Don’t Waste Food: Understand Food Package Dates

April 1, 2020, 3:51 pm | Sarah Francis, Ruth Litchfield

collection of packaged food on white background by viperagp/, Iowa -- The outbreak of COVID-19, a disease caused by the new coronavirus, has led many Iowans to focus on stocking their pantries and freezers. For the best results, nutrition and wellness state specialists with Iowa State University Extension and Outreach recommend always following a simple rule: First in, first out.

According to Sarah Francis and Ruth Litchfield, this rule means when putting newly purchased food away, move the older food items to the front and the newer food items to the back. This method helps lessen the likelihood of older food items getting lost in the back of the cupboard or freezer.

“What happens when you’re preparing your recipe and you go to use the food and the food packaging date has passed? Do you toss it or keep it? Unfortunately, current food packaging dates can lead to unnecessary food waste,” Francis said.

Dates on food packages usually refer to quality, not safety. Francis and Litchfield offer a list of common food packaging dates and what they mean.

Use-by, best by, best before, best if used by, enjoy by

These dates are quality dates, not safety dates. These dates are often found on shelf-stable items like peanut butter, canned goods and condiments. These dates are provided by the manufacturer. They indicate when the food will remain at its best quality. After this date the quality may change, but it is still safe to eat. Commercially canned foods are good for three to five years past the “best if used by” date. Do not use the items if they have an off odor, appearance or flavor.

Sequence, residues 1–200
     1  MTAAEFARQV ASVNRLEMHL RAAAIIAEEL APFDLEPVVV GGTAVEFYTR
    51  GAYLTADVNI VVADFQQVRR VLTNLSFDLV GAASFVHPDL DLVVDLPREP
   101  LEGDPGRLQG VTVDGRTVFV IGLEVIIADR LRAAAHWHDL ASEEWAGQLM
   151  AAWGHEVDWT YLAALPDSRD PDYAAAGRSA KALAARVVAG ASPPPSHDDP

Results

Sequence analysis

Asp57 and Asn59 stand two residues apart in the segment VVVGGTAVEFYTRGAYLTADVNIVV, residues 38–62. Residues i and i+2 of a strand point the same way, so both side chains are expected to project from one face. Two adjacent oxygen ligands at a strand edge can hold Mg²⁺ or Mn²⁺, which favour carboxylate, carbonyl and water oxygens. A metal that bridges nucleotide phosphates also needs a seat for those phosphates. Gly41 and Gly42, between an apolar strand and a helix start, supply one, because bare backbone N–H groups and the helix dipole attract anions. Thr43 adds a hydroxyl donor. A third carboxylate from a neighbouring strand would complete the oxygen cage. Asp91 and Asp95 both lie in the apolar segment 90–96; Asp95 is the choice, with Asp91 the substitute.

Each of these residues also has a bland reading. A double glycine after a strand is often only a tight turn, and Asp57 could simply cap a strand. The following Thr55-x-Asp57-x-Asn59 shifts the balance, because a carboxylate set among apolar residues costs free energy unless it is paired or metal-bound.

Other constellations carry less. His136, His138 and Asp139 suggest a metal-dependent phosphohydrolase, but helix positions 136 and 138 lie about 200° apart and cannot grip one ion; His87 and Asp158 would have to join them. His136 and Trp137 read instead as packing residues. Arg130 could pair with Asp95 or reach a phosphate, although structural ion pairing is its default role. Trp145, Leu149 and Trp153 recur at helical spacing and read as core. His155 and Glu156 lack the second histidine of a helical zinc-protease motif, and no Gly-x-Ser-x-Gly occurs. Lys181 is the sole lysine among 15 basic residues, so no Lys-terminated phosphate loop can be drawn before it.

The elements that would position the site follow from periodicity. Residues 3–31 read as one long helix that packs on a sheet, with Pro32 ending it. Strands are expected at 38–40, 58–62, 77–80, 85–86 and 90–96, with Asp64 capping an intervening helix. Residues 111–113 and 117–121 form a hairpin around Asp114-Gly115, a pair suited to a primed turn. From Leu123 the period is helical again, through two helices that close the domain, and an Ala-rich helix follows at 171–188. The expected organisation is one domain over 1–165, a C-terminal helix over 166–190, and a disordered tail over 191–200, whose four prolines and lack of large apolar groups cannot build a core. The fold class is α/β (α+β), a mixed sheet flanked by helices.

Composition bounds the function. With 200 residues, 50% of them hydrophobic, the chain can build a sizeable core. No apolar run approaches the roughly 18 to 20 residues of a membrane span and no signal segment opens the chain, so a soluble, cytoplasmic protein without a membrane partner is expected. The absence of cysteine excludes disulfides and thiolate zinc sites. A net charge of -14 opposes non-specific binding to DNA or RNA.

See refrigerated condiment safety tips from ISU Extension and Outreach Words on Wellness blog to learn more about how long you can use these items after they are opened.

Sell by

These dates are commonly placed on perishable foods like milk, poultry, eggs, meat and seafood. These dates inform stores about how long they can display the food product. After this date, stores are not allowed to sell the product. However, if you follow safe food storage guidelines you can still use the product past its sell-by date. Meats, poultry and seafood can last one to two days past the date. An unopened milk will last for about one week after its sell-by date. Shell eggs are stable for three to five weeks in the refrigerator while pasteurized liquid eggs can last three to five weeks unopened or be frozen for longer storage.

Stamped date on package

This date is a quality date, not a safety date. It helps the store know how long to display the food product. It is commonly found on pre-packaged produce, chips and bread. It best to consume produce within one week.

Expires on

This is a safety date and is regulated by the federal government. This type of date is often found on some baby foods and baby formula. Eat the food before this date. After this date, don’t use it. Throw it away.

“What should you do if you have food quickly approaching one of these dates? Consider freezing the food as an option. For example, bread and cheese can be easily frozen,” Litchfield said.

Visit the National Center for Home Food Preservation for a list of foods that do not freeze well. For information on how to freeze various foods visit or download “Preserve the Taste of Summer - Freezing: Fruits and Vegetables” from the Extension Store,

For more information about the shelf life of various food products, explore


Photo credit: viperagp/

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